Tuesday, Oct 21, 2003
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By Vijay Lokapally
New Zealand 630 for six decl.
India 424 & 136 for four
It was not a surprise when New Zealand inflicted a follow-on that put cricket on the field in the right perspective. If the second Test ended in a draw, with six mandatory overs left, the Indians had no reason to feel elated. Their pride stood battered and New Zealand's honour enhanced with a highly creditable performance at the PCA stadium here.
Considering the state of affairs, India should thank the `man of the series' V.V.S. Laxman for his commitment, and also the curator for the amiable surface that he presented it with, for, New Zealand, having dominated the contest, could have snatched a win with a little help from the playing surface. Things could have changed had there been support from another seamer for Daryl Tuffey, who rocked and dented India's batting strength with an ideal line of attack this morning,
The unsung Tuffey, and the under-rated New Zealand, without its best fast bowler, rattled the overconfident Indians with a worthy performance. The Indians fell seven runs short of saving the follow-on even as Laxman completed his fifth century in 46 Tests. Not his best but quite a significant one. He witnessed two run outs the first a sensational piece by Tuffey and then was left stranded in the morning, unable to save the follow-on. Laxman, a batsman for all seasons, was back in the afternoon, playing the familiar role of holding the innings together, in the company of the young and fast improving Akash Chopra. They forged a 110-run stand that saved India greater embarrassment against an opposition which played to a plan and deserved all credit for enlivening the final day's proceedings.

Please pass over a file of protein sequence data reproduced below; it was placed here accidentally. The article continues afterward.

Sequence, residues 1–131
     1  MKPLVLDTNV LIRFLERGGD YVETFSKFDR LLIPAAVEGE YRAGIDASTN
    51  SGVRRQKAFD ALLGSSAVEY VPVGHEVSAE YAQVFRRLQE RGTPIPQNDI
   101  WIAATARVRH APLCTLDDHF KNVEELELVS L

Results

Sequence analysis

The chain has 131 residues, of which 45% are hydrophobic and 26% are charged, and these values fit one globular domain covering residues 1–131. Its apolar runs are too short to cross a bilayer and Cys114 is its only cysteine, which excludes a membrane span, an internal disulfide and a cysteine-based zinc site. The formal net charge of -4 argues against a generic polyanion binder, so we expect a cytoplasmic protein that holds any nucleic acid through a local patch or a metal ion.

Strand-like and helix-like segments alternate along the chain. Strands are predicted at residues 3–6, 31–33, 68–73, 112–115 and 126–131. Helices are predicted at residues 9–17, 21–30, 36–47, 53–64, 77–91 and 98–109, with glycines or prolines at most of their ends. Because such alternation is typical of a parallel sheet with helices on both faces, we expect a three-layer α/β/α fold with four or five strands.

The star of the day was Tuffey, the tireless, ambitious, and quality seamer. He bowled a probing line and used his strong shoulders to extract life out of the pitch, something the Indian bowlers failed to.
Tuffey's faith in the age-old adage of good line and length fetched him five wickets this day two to enable New Zealand enforce a follow-on despite wicketkeeper Robbie Hart grassing two sitters to let off L. Balaji, and then the first three Indian victims, all classical fast bowler's dismissals the adventurous Virender Sehwag and the dogged Rahul Dravid caught in the slips and Sachin Tendulkar, hold your breath, bowled through the gate.
The mental toughness of the batsmen was on test as Tuffey got the ball to kick a few times and the spinners, Daniel Vettori and Paul Wiseman, saw it crawl on the odd occasion.
It was a fascinating duel as Chopra and Laxman batted to the best of their abilities to stifle the Kiwi threat. Their positive instincts allowed them to prosper on a tense afternoon and the strokes that flowed brought some cheer to the spectators, who at one point booed their heroes for their lacklustre show.
Once again, like his deeds against the Australians two years ago, Laxman emerged the mainstay of Indian batting. Good news for those who recognise quality batting. Chopra, with two fifties in this match, and Laxman are the men to watch.
The teams now fly to Chennai for the tri-series, which starts with the day-night contest on Thursday.
New Zealand bowling: Tuffey 29-5-80-4, Butler 35-7-116-1 (nb-2, w-2), Styris 19-7-40-1, Vettori 56-24-84-2, Wiseman 32-7-95-0, McMillan 1-0-6-0.
New Zealand bowling: Tuffey 14-4-30-3, Butler 5-1-12-0 (w-1), Vettori 23-8-40-0, Styris 4-2-4-0, Wiseman 17-6-37-1, McMillan 6-3-9-0.
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